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Rock Street, San Francisco

By Lea Terry


First recognized in 1933, Sjogren’s
Syndrome is a painful condition that causes severe dry eyes and dry mouth, and
in some cases other symptoms that can include everything from joint problems to
skin rashes. There’s no cure or treatment for the underlying cause of this
autoimmune disorder, but one local researcher hopes to change that. And now,
she’s getting significant help thanks to a grant from the Rheumatology Research

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Darise Farris, Ph.D., a researcher
with Oklahoma Medical Research Foundation, recently received the Rheumatology
Research Foundation’s Innovative Research Award. The grant provides $400,000
over a two-year period so that investigators can pursue work that might lead to
breakthroughs contributing to treatments or even a cure.

“It’s very exciting, because we
know that we are on the right track with our studies, and we’re getting very
promising preliminary data, but we needed funding to move the work forward,”
Farris said.

Painful Symptoms

Sjogren’s Syndrome is an autoimmune
disease that’s often found in conjunction with other autoimmune diseases such
as arthritis and lupus. Although it can affect anyone, it’s more prevalent in
women and people over 40. In fact, of the 3 million people affected in the
United States, it afflicts women by a 9-to-1 ratio. The disease causes the body
to attack its moisture-producing glands, namely the salivary glands, which
produce saliva, and the lacrimal glands, which are responsible for tear
production. This can interfere with the body’s ability to produce saliva and
tears, leaving patients with dry, itchy and painful eyes, as well as intense
dry mouth and difficulty talking, chewing or swallowing. The Sjogren’s Syndrome
Foundation notes that the disease can affect other areas of the body as well,
causing neurological problems such as memory loss and impaired concentration,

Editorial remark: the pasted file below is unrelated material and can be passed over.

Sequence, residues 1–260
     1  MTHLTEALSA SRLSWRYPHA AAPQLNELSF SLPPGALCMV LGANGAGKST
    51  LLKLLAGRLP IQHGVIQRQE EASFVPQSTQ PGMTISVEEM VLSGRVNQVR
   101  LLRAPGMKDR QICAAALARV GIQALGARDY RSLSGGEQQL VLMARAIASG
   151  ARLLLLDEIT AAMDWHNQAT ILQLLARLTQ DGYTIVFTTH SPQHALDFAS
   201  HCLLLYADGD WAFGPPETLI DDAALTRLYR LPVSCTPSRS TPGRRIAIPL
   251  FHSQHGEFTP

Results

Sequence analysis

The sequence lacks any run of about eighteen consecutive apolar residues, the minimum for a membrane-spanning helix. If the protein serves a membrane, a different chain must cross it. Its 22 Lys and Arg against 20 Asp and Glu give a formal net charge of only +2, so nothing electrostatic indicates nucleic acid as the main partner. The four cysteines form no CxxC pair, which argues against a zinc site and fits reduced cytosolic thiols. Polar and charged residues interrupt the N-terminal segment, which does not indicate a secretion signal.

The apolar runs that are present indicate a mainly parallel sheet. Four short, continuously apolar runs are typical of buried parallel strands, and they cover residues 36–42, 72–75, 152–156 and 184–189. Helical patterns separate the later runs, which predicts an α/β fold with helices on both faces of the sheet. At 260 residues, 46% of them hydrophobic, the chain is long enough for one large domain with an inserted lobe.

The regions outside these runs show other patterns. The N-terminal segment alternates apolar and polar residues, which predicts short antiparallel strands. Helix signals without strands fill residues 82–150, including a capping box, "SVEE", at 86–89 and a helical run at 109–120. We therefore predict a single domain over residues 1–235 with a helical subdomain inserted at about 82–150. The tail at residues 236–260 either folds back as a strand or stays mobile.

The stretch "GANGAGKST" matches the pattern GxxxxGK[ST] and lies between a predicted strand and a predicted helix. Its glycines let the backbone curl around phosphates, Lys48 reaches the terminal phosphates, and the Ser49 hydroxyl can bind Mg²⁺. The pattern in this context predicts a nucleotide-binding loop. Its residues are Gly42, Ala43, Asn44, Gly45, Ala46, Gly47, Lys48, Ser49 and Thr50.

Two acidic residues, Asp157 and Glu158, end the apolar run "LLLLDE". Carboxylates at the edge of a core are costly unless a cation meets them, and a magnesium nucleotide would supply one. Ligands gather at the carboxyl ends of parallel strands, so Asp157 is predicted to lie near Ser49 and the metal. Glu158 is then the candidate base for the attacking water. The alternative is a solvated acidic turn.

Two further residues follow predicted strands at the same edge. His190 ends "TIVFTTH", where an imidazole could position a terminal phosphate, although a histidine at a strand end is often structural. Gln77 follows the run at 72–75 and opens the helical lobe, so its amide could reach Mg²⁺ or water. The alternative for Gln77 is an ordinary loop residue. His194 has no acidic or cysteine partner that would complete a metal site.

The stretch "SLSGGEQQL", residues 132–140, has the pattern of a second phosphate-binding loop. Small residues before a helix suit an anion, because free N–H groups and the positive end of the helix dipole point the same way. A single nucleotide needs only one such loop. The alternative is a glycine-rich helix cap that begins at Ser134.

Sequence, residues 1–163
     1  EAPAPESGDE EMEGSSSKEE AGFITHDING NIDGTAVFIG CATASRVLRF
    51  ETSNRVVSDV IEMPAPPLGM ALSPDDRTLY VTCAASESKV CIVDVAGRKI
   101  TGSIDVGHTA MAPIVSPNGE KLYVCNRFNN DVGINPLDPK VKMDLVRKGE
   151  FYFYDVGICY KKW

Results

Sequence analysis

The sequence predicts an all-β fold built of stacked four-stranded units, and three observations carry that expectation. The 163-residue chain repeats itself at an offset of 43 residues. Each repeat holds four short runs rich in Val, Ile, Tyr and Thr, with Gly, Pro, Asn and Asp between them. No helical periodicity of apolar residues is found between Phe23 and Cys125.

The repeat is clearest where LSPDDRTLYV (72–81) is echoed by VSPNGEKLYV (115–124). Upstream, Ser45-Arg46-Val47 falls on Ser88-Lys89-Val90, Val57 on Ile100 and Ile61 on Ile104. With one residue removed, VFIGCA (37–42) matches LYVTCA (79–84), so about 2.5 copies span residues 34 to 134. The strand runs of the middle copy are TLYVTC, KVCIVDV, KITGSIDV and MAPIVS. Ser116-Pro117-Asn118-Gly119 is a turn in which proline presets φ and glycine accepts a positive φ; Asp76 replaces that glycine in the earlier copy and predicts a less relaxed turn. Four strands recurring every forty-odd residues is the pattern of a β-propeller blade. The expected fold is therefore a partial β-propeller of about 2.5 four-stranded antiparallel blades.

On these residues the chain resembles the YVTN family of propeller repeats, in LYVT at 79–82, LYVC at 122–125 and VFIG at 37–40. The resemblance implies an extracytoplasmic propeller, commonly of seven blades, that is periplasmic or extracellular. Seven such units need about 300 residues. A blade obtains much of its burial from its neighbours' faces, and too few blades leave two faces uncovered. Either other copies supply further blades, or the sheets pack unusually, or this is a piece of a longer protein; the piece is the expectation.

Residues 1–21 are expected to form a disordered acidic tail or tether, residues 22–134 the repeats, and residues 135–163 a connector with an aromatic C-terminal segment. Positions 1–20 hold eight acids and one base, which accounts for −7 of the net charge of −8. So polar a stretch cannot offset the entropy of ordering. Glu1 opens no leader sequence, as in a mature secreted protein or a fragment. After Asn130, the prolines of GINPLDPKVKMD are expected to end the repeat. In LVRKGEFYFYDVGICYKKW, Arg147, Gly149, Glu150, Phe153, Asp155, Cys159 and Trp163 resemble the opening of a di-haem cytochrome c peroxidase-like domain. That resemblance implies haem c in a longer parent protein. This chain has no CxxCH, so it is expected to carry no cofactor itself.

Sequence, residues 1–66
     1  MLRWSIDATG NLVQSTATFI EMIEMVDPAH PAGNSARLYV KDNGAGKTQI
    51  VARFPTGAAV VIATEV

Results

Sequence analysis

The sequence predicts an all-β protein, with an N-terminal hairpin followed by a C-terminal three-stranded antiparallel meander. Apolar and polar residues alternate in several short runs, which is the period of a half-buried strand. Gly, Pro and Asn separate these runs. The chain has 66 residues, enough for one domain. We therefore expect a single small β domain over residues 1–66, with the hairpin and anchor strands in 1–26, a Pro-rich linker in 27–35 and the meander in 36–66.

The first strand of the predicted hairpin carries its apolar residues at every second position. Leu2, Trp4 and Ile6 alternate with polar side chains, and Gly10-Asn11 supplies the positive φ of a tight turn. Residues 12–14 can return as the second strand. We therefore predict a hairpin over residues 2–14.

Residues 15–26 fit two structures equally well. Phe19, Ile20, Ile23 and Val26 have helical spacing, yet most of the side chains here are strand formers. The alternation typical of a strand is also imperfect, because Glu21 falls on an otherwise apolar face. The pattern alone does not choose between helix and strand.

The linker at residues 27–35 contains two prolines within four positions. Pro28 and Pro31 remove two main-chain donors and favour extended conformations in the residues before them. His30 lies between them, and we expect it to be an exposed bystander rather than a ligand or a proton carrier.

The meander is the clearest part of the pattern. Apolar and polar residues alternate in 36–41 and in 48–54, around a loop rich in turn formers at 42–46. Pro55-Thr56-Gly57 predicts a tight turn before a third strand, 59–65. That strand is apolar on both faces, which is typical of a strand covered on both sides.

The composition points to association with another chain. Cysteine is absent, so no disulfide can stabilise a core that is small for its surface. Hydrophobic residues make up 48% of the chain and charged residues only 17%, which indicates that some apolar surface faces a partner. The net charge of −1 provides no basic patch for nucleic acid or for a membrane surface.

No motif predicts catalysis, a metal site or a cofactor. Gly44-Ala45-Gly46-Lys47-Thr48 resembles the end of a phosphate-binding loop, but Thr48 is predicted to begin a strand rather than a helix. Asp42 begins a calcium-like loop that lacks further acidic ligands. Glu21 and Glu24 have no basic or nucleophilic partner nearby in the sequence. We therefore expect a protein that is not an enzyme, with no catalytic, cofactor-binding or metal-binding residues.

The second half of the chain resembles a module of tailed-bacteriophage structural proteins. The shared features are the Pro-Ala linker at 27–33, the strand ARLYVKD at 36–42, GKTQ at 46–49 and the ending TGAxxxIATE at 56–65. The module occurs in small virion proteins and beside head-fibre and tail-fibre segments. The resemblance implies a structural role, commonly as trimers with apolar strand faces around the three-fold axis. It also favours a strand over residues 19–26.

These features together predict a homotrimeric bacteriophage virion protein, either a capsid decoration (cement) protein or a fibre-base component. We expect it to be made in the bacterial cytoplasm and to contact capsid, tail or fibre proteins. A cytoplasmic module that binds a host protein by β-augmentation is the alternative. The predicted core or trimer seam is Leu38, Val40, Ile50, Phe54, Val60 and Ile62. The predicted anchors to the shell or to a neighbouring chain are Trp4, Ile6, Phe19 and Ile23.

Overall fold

as well as lung problems and several other issues. While there are treatments
for the symptoms, there is no cure and no way to address the underlying cause.

Farris has been researching the
antigens involved in the disease for several years, and in 2010 she became
involved in the Sjogren’s Syndrome Center of Research Translation at OMRF. The
center was a national institute that created a center of research for the disease.

To be diagnosed with Sjogren’s, patients typically need to have a biopsy of the
salivary glands, and researchers at the center received samples of these
tissues for their research. This led to many of the developments they’ve had
since 2010, and was the basis for the research they published in the journal
“JCI Insight.” This research, in turn, helped lead to the grant Farris

“Obtaining samples of that target
tissue from humans is challenging, and once these samples are obtained, I think
it’s very difficult to study the very small amounts of immune cells that are
present in these tiny pieces of tissue,” Farris said.

Thanks to new technology, however,
researchers are better able to study these tiny cells. Farris is focusing her
research on using this new technology to take a closer look at the cells, and
she says this development is a primary reason why researchers are finally
getting closer to discovering the immune responses taking place in these

Mysterious Illness

It’s not clear why some people
develop Sjogren’s and others don’t, and Farris said one of the big questions
with the disease is why it specifically targets the salivary and lacrimal
glands. The antibodies the body produces target proteins that are present in
every cell, not just in those two glands. Farris and her team suspect that the
auto immune response targets something present specifically in the salivary and
lacrimal glands.

“These are what we call antigens,
and we believe that these proteins have not been discovered yet, and this is
what we’re looking for,” Farris said.

To apply for the award, Farris had
to submit a standard research grant application that explained the potential
significance of her work, as well as what questions she and her team were
addressing, what technology they planned to use to do that, and any promising
preliminary studies they’d conducted that suggested their work might be

Farris is an associate member of
the Arthritis & Clinical Immunology Research Program at OMRF, and is also
an adjunct associate professor in the Departments of Microbiology and
Immunology and Pathology at the University of Oklahoma Health Sciences Center.

She graduated summa cum laude from Oklahoma Christian University of Science and
Arts, and then earned a graduate degree from the University of Oklahoma Health
Sciences Center. She earned her Ph.D in Immunology from the University of
Oklahoma Health Sciences Center and later completed postdoctoral studies at the
University of Melbourne in Australia. Farris has won several honors during her
scientific career, including the OMRF Merrick Young Investigator Award. She was
also an OMRF Foundation Fellow and a National Arthritis Foundation Fellow.

To learn more about Sjogren’s
Syndrome, visit




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